Published May 29, 2012
Dolores Huerta, co-founder of the United Farm Workers union, will receive the country’s highest civilian honor Tuesday.
The White House will present the lifelong unionist and immigrant rights advocate with the Medal of Freedom. Huerta is one of 14 recipients of the award this year.
“I was humbled, thrilled, and surprised,” Huerta, 82, told the Daily Beast. “I never expected to be nominated.”
Huerta’s sense of justice developed from an early age. Raised in Stockton, Calif., Huerta watched her father work for little pay in the fields, while her mother managed a hotel that often let poor migrants stay for free, according to the Daily Beast.
Along with César Chávez, Huerta founded the National Farm Workers Association in 1962, which later evolved into the United Farm Workers of America. The Medal of Freedom award comes just two weeks after the farm workers union celebrated its 50th anniversary.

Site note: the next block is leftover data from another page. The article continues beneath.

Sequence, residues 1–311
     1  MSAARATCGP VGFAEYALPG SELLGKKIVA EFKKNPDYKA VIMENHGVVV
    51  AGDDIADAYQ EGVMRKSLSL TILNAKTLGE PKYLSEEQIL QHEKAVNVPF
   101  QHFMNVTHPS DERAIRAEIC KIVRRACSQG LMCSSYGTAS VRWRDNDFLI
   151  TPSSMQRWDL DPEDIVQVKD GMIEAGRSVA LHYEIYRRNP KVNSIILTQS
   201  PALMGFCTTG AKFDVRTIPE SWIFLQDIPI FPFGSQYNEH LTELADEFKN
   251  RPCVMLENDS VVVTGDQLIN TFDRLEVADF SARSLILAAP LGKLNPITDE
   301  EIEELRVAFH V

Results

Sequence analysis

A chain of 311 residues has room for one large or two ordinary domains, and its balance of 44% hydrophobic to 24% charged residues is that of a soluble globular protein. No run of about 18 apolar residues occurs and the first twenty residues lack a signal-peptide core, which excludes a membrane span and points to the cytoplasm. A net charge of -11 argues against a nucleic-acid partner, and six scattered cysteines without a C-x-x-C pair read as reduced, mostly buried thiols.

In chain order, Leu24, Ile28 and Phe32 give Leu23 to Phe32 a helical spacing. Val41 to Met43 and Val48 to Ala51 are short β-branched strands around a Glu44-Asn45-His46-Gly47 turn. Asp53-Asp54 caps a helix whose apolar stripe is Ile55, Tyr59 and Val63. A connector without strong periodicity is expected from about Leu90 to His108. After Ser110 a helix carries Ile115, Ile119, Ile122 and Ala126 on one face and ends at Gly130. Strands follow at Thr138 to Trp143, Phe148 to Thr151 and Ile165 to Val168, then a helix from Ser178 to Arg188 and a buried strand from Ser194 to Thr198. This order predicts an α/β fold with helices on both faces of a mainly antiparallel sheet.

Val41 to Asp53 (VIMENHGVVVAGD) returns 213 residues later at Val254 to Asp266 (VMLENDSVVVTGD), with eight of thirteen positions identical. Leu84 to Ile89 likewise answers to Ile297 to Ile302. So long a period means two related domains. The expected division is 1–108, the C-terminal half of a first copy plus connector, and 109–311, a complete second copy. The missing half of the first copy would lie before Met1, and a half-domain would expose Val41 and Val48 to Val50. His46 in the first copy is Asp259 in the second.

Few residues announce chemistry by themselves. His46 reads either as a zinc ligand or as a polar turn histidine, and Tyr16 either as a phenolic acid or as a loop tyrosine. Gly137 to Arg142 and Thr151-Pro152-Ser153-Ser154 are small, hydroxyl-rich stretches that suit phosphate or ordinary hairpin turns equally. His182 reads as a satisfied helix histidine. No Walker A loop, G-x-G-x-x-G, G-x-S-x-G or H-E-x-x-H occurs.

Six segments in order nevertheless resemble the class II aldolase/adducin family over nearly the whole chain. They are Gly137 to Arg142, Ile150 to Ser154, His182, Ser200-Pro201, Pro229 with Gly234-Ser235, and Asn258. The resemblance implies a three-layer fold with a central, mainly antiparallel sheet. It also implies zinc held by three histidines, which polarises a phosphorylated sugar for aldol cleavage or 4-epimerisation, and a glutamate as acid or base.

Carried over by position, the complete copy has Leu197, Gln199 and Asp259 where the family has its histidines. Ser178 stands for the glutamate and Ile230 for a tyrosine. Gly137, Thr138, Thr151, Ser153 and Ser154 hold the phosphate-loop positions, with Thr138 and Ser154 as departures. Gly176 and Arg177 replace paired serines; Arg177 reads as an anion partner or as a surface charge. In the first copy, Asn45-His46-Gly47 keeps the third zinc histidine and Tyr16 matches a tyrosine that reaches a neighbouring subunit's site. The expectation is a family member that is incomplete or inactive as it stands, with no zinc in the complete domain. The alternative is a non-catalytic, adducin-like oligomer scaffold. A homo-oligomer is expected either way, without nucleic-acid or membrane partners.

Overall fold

Using strikes, marches, boycotts and hunger strikes, the UFW has defended the interests of farm workers, including many immigrants, and pressured businesses to sign collectively bargained contracts. The union’s tactics often met resistance. Huerta has been arrested 22 times and been beaten for her activism.
Notwithstanding her run-ins with the law, Huerta has been influential in passing far-reaching legislation. Her accomplishments as a labor rights activist include helping pass California’s Agricultural Labor Relations Act of 1975 and helping secure disability insurance for California farmworkers.
The UFW today boasts 27,000 members, powerful political allies, and is active in the states of California, Oregon and Washington.
Huerta launched the Dolores Huerta Foundation in 2002, with the mission of supporting community organizers and budding political leaders.
The Medal of Freedom is the nation's highest civilian honor. It's presented to individuals who have made especially meritorious contributions to the national interests of the United States, to world peace or to other significant endeavors.
Huerta will share the stage with the likes of novelist Toni Morrison, former Supreme Court Justice John Paul Stevens, Girl Scouts founder Juliette Gordon Low and folk music star Bob Dylan.
Contains material from the Associated Press